1. Computers
  2. Display Drivers
  3. Graphics Cards
  4. Memory
  5. Motherboards
  6. Processors
  7. Software
  8. Storage
  9. Operating Systems


Facebook RSS Twitter Twitter Google Plus


Phoronix Test Suite

OpenBenchmarking.org

The Cost Of Running Compiz

Michael Larabel

Published on 21 May 2010
Written by Michael Larabel
Page 5 of 5 - 73 Comments

With the most demanding OpenGL benchmark available for Linux right now, Unigine Heaven, the Radeon HD 4830 finally ended up being faster with the Catalyst driver when Compiz was disabled, but it was only a 2 FPS / 5% difference. When Compiz was running with the GeForce 9800GT on the proprietary NVIDIA driver its average frame-rate was 14 FPS while with Metacity it was at 25 FPS -- a striking 63% faster!

For those unfamiliar with how Compiz affects the OpenGL performance of a system even when running full-screen, now you know. With the Intel Linux driver and open-source Radeon driver as found in Ubuntu 10.04 with other newer distributions using kernel mode-setting and DRI2, there is about a 15% performance hit taken when Compiz is running with just the standard desktop effects. There are some games where the performance hit is not as much, but other cases where it is more. However, the Radeon driver when using the older user-space mode-setting with DRI1 support was barely affected by Compiz and in general is faster than the KMS-DRI2 code-paths that still need to be better optimized.

AMD's binary driver -- the ATI Catalyst driver -- overall did the best where it was immune from any performance drops when using Compiz over Metacity. Only with the very demanding Unigine Heaven was there any measurable impact from using Compiz and that was just at 5% while the performance of NVIDIA's driver had changed in that same test by more than 60%.

Like the Intel and Radeon DRI2/KMS drivers, the proprietary NVIDIA driver was also prone to noticeably lower frame-rates when Compiz was enabled to provide basic desktop effects on Ubuntu. Fortunately the NVIDIA driver is much faster than the open-source ATI/Intel drivers and their hardware is also faster, so the NVIDIA Linux gamer isn't affected as much unless the configuration right now is just on the brink of being playable. Some of NVIDIA's performance losses when running Compiz may also be recovered if starting Compiz with the --loose-binding argument where Compiz textures are enabled when they are created, which works around an issue of some NVIDIA driver releases being slow at binding textures. Of course, if you are unsatisfied with the performance when running a full-screen game or program under Compiz, you can always temporarily stop it until your driver(s) have better optimized composite performance or Compiz is changed to do direct rendering when running a full-screen application.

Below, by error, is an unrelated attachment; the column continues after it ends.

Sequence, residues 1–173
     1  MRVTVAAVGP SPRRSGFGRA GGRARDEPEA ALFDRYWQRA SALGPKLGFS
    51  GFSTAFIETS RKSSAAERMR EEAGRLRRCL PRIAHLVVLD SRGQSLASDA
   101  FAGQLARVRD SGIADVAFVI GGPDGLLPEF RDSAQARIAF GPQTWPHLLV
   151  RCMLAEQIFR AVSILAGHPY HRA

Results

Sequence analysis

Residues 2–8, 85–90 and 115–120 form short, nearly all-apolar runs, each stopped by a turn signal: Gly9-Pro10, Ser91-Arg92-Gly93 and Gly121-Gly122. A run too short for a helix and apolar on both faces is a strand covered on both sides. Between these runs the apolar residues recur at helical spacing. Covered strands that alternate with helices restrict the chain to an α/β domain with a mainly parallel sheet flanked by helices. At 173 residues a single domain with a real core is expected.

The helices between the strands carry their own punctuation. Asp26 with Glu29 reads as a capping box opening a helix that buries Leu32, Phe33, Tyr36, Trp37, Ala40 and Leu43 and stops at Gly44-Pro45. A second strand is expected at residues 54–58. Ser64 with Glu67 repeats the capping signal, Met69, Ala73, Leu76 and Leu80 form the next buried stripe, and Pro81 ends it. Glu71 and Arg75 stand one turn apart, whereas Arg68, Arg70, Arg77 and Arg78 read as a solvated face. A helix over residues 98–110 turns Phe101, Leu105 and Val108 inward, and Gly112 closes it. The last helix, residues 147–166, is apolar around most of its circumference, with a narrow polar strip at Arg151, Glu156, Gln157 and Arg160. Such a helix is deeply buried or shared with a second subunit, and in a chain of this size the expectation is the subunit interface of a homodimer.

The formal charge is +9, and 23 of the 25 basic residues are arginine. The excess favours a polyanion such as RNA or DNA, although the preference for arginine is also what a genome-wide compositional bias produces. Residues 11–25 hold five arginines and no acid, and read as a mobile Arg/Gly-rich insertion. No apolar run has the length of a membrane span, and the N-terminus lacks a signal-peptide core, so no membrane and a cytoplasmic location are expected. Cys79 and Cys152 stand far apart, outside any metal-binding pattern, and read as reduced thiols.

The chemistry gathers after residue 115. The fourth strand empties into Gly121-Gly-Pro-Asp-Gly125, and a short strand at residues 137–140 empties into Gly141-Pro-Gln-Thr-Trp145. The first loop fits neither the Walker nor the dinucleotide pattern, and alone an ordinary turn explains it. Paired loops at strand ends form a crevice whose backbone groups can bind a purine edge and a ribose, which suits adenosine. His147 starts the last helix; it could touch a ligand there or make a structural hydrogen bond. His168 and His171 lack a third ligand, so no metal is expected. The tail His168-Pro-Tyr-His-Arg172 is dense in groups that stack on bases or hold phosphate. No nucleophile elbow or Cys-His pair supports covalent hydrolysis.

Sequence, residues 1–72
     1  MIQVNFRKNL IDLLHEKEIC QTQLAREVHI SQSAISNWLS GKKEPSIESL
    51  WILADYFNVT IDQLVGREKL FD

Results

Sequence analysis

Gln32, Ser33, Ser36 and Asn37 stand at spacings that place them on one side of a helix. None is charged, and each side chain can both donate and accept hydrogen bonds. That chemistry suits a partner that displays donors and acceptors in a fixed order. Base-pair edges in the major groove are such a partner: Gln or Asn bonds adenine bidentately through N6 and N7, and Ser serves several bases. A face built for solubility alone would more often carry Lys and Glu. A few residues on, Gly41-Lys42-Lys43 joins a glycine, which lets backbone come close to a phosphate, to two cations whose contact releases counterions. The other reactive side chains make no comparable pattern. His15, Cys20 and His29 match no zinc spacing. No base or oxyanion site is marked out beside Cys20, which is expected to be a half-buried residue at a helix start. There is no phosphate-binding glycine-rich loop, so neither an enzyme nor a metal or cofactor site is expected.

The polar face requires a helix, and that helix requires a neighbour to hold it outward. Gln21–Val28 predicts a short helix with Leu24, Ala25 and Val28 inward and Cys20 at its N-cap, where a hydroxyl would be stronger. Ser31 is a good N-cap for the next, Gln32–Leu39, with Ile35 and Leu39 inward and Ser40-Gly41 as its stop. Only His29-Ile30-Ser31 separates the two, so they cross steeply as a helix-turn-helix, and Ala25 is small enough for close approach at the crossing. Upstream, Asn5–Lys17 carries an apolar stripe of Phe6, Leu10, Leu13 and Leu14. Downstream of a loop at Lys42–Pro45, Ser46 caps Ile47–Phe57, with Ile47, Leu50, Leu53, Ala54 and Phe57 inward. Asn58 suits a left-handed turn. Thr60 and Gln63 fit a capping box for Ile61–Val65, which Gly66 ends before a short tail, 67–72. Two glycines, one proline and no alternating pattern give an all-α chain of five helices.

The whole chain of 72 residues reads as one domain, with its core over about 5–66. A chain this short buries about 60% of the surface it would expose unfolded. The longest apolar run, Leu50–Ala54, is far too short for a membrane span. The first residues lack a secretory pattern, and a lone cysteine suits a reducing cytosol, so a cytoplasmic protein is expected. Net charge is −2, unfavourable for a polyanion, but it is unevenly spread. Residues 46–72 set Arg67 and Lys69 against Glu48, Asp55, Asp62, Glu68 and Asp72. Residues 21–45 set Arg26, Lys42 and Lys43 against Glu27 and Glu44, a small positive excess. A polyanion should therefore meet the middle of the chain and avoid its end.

About The Author
Michael Larabel is the principal author of Phoronix.com and founded the web-site in 2004 with a focus on enriching the Linux hardware experience and being the largest web-site devoted to Linux hardware reviews, particularly for products relevant to Linux gamers and enthusiasts but also commonly reviewing servers/workstations and embedded Linux devices. Michael has written more than 10,000 articles covering the state of Linux hardware support, Linux performance, graphics hardware drivers, and other topics. Michael is also the lead developer of the Phoronix Test Suite, Phoromatic, and OpenBenchmarking.org automated testing software. He can be followed via and or contacted via .
Latest Articles & Reviews
  1. Samsung 850 EVO SSD Linux Benchmarks
  2. Kubuntu 15.04 Is Turning Out Quite Nice, Good Way To Try Out The Latest KDE
  3. 5-Way Linux Distribution Comparison On The Core i3 NUC
  4. OCZ ARC 100 Linux SSD Benchmarks
  5. Lenovo ThinkPad X1 Carbon Works Great As A Linux Ultrabook
  6. Transcend SSD370 256GB
Latest Linux News
  1. AMD Will Release Mantle Programming Guide, API Reference This Month
  2. Unreal Engine Made Free By Epic Games
  3. Qt 5.5 Alpha Is Getting Close, But Still Behind Schedule
  4. OpenBSD Sponsors Work For Better Browser Security
  5. Improved ODF Reading Support Comes To KDE's Calligra
  6. Another Step Closer On The New Linux Benchmarking Test Farm
  7. Confirmed: Vulkan Is The Next-Gen Graphics API
  8. Kdenlive Ported To Qt5/KF5, Coming To KDE Applications 15.04
  9. HTC & Valve Partnered Up For The Steam VR Headset
  10. 8cc: A Small C11 Compiler
Most Viewed News This Week
  1. Screenshots Of The GNOME 3.16 Changes
  2. More Proof That Allwinner Is Violating The GPL
  3. The Tremendous Features Of Fedora 22
  4. Krita 2.9 Released, Their Biggest Release Ever
  5. A Single UEFI Executable With The Linux Kernel, Initrd & Command Line
  6. Linux 4.0 Doesn't Have The Weirdest Codename
  7. Canonical Comes Up With Its Own FUSE Filesystem For Linux Containers
  8. Firefox 36 Brings Full HTTP/2 Support
%%CLICK_URL_UNESC%%